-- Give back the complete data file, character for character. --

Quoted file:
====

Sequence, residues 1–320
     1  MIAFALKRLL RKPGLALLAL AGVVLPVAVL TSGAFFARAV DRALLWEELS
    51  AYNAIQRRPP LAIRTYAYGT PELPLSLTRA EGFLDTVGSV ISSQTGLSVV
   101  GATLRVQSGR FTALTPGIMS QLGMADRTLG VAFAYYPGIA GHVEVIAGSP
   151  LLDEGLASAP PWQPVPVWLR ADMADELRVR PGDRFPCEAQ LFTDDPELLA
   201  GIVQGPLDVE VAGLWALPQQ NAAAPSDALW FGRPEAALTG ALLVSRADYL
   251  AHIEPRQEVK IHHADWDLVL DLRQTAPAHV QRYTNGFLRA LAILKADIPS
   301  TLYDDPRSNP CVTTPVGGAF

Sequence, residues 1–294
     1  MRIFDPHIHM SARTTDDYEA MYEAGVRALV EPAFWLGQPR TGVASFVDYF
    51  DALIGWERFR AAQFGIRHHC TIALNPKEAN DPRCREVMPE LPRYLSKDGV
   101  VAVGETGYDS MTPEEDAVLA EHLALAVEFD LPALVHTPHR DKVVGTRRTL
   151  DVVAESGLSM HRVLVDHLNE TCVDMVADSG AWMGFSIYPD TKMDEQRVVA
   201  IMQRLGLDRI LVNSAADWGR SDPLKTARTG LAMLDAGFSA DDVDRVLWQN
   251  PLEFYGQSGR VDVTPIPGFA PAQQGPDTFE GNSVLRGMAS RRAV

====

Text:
Sequence, residues 1–320
     1  MIAFALKRLL RKPGLALLAL AGVVLPVAVL TSGAFFARAV DRALLWEELS
    51  AYNAIQRRPP LAIRTYAYGT PELPLSLTRA EGFLDTVGSV ISSQTGLSVV
   101  GATLRVQSGR FTALTPGIMS QLGMADRTLG VAFAYYPGIA GHVEVIAGSP
   151  LLDEGLASAP PWQPVPVWLR ADMADELRVR PGDRFPCEAQ LFTDDPELLA
   201  GIVQGPLDVE VAGLWALPQQ NAAAPSDALW FGRPEAALTG ALLVSRADYL
   251  AHIEPRQEVK IHHADWDLVL DLRQTAPAHV QRYTNGFLRA LAILKADIPS
   301  TLYDDPRSNP CVTTPVGGAF

Sequence, residues 1–294
     1  MRIFDPHIHM SARTTDDYEA MYEAGVRALV EPAFWLGQPR TGVASFVDYF
    51  DALIGWERFR AAQFGIRHHC TIALNPKEAN DPRCREVMPE LPRYLSKDGV
   101  VAVGETGYDS MTPEEDAVLA EHLALAVEFD LPALVHTPHR DKVVGTRRTL
   151  DVVAESGLSM HRVLVDHLNE TCVDMVADSG AWMGFSIYPD TKMDEQRVVA
   201  IMQRLGLDRI LVNSAADWGR SDPLKTARTG LAMLDAGFSA DDVDRVLWQN
   251  PLEFYGQSGR VDVTPIPGFA PAQQGPDTFE GNSVLRGMAS RRAV